For Those Who Care About Another
Guidance for Concerned Significant Others
We Don't Make Personal Changes in a Vacuum.
The human being is a social creature. We have families, we have significant others, and we have friends, colleagues, and acquaintances. Once we have initiated and begun to make changes in ourselves it will have effect on the others in our lives. These others do, and will in turn, have effect on us.
Change will almost invariably create anxiety to some degree. How best to help, how best to minimize conflict and anxiety, how best to keep together the "Good" in our relationships without allow the natural "Anxiety of Change" from pulling it apart?
This is a complex Issue. This essay is intended only to "bring to light" a few of the factors involved and prompt further study and effort.
What Follows contains edited excerpts from Chronic Anxiety and Defining A Self - An Introduction to Family System Theory, by Michael E. Kerr, published in "The Atlantic Monthly" September 1988.
Dr. Murray Bowen, a professor of Psychiatry at Georgetown University Medical Center, seeing that the family is not a collection of autonomous entities but rather an interlocked emotional unit unto itself developed the concept and perspective of a "Family Systems". One aspect that led to this conclusion of emotional interdependence and the family as a unit was the observation that family members frequently function in "reciprocal relationships".
One example is where one member will act "strong" in the face of another's 'weakness". This process was frequently played out with one member become Anxious about what he or she perceived as a problem or potential problem in another. This anxiety then would tend to exaggerate the demeanor, appearance and attitude of the anxious one and further escalate "Problem - Anxiety- Caretaker" cycle. This then results in a greater "caretaker" role which further enhances the 'weakness" of the other. Each person becomes an emotional prisoner of the other while giving a pseudo sense of togetherness.
Because of this and a number of other reciprocal relationship systems, it is suggested that it is important when making personal changes to also focus attention and have strategies in place to address the family unit as well. When one person makes a change in this system it will have effects on the other persons role. Those effects may be subtle or intense.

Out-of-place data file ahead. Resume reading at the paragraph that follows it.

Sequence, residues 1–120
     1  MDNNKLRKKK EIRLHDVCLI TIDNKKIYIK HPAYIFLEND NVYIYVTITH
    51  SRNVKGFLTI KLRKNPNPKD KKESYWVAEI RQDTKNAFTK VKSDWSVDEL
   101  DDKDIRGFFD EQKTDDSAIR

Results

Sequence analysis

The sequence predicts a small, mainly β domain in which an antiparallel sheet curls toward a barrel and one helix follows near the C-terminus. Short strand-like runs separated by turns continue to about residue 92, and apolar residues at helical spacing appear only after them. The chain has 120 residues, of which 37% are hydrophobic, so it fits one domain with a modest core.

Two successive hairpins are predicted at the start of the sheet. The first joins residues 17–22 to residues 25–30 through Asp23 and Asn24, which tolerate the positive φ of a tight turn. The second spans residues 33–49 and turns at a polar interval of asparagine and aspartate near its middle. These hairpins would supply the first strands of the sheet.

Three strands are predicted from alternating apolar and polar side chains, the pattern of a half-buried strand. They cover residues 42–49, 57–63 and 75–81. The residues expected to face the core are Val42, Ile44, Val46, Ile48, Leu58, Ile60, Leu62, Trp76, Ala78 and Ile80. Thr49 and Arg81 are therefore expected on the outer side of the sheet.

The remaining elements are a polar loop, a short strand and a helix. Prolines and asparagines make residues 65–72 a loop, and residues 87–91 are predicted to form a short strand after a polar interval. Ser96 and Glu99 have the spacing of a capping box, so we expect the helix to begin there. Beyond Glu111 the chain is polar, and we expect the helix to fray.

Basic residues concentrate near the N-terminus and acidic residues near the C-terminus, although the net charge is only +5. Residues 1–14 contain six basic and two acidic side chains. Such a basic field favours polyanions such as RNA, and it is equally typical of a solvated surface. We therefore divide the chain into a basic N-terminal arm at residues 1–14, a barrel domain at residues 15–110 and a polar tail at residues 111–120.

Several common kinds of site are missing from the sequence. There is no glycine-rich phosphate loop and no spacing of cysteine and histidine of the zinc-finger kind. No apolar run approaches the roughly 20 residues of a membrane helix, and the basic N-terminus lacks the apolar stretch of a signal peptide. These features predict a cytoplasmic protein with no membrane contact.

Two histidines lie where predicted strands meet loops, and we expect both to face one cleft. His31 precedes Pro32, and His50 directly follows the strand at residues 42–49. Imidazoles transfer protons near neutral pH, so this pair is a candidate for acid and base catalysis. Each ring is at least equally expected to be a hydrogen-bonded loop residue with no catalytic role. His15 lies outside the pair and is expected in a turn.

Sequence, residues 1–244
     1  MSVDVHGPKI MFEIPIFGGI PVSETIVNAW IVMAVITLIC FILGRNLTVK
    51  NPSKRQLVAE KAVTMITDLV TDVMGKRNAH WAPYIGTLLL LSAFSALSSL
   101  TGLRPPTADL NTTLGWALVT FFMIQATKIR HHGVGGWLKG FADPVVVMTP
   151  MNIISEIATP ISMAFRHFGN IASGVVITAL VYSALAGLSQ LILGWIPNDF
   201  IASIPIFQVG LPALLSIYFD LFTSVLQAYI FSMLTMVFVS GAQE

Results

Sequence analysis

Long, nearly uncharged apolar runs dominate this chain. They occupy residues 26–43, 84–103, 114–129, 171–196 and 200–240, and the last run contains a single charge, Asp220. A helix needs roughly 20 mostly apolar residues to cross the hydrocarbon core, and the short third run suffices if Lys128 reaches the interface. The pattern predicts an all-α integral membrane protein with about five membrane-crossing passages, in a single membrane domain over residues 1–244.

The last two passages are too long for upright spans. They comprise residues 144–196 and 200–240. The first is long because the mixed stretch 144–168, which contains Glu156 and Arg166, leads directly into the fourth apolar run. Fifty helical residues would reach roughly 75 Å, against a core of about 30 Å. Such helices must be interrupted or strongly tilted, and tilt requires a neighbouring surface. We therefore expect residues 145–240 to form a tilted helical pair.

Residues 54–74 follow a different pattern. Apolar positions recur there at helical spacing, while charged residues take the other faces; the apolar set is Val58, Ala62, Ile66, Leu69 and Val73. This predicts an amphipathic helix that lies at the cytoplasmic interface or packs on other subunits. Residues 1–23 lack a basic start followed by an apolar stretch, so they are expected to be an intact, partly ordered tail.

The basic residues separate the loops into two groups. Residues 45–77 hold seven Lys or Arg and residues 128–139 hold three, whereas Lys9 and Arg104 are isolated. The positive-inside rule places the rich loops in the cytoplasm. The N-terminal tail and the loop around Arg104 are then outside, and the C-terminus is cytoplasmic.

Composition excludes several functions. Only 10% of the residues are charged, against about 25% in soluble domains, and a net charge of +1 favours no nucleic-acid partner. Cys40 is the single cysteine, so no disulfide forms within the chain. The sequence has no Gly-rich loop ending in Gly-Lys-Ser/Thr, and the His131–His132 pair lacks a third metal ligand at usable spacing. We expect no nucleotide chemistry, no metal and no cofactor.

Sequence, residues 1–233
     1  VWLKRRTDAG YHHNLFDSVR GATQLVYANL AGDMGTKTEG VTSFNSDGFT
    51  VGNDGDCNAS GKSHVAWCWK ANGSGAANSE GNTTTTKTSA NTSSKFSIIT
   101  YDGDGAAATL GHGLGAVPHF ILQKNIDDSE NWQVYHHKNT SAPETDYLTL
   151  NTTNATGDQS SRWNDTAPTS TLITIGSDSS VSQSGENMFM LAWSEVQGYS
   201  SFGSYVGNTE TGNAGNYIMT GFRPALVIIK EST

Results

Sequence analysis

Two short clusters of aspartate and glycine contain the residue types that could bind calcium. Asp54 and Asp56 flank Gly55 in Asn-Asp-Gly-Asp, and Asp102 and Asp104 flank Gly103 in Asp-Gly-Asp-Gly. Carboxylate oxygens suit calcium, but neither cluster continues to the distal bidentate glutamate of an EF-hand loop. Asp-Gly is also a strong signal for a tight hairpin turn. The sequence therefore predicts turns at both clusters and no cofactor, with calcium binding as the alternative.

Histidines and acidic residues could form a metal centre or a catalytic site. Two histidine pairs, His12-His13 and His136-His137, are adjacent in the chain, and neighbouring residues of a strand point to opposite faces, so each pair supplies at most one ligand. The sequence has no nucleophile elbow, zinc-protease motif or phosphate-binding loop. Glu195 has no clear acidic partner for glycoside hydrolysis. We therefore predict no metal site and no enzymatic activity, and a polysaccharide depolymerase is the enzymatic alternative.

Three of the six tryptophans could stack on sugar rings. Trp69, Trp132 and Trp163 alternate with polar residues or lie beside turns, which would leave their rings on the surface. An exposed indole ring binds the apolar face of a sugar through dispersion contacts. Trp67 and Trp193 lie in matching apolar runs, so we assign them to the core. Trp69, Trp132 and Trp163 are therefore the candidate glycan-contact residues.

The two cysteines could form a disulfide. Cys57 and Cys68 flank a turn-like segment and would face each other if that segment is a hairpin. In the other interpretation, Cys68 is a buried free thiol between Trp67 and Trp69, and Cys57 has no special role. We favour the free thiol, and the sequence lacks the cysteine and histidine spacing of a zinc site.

This resulting change will create stresses in the other. If these stresses are not addressed in healthy ways the family unit may break down or the personal change may not be successful.
The goal derived from the family systems theory is to gain differentiation or individuality while maintaining togetherness. Differentiation is the evolutionary desire in each person to be an individual - to grow to be an emotionally separate person with the ability to think, feel, and act for himself. Togetherness is also an equally strong "force" to keep families emotionally connected and operating in "concert" with one another for the evolutionary advantage that provides.
It is the balance of these two major drives and the traps that are inherent that will be further addressed here: the capability to be an individual in a group at one end of the spectrum, are people that live in a feeling world. Some however may be so sensitized that they become numb.
In general, people at this level are so responsive to others opinions and what others want from them that their functioning is almost totally governed by their emotional reactions to the environment.